Chapter 11: File Systems and Directories
Lawrence Lessig, Professor of Law at Stanford Law School and founder of its Center for Internet and Society, has written extensively on how laws- particularly those relating to copyright and trademarks- should be applied to the Internet. His is a prominent voice in support of reduced legal restrictions, as Lessig believes that the overuse of copyright laws in the Internet arena will eventually stifle the amazing creative potential of this technology. Lessig asserts that all innovation is born from past achievements, rather than in a vacuum. For this reason, he argues, for a free society to progress, control of past achievements should be limited.
Lessig also argues that computers, by their very nature, have extended the concept of a copyright: Copyright law regulates copies, and copies are ubiquitous in the digital domain. Actions that were unregulated in relation to to entities such as books (for example, annotating the margins) became regulated when they involve the digitized equivalent (such as e-books) because they involve changing the underlying code, which is protected copyright.
In 2001, Lessig founded the non profit organization Creative Commons as a way of expanding the range of creative work legally available for others to use and share. He is also on the board of directors of the Electronic Frontier Foundation, a nonprofit advocacy and legal organization dedicated to to upholding civil liberties and, in particular, preserving free speech, as protected by the First Amendment, in a digital context.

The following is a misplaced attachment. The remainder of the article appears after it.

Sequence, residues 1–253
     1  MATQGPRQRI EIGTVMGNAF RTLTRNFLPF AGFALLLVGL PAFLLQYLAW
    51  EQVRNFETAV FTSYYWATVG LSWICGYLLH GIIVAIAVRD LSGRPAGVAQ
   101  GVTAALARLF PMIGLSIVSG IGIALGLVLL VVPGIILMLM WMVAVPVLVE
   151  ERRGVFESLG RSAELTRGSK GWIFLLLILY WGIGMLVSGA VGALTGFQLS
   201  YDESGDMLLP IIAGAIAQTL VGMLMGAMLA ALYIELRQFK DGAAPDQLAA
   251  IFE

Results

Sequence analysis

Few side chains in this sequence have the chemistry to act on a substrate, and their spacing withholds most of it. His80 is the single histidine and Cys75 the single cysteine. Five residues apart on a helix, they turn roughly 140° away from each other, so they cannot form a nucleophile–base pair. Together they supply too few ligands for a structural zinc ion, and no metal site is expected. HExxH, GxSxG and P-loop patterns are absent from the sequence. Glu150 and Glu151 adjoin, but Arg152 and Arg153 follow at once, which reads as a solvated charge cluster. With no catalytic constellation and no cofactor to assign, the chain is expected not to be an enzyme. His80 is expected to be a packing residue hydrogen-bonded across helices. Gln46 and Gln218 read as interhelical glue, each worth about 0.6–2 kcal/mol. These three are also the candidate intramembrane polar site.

Lessig recently joined the advisory board of Digital Universe, a system of noncommercial portals offering a wide variety of resources. He is the author of Code and Other Laws of Cyberspace, The Future of Ideas: The Fate of the Commons in a Connected World, and Free Culture: The Nature and Future of Creativity.
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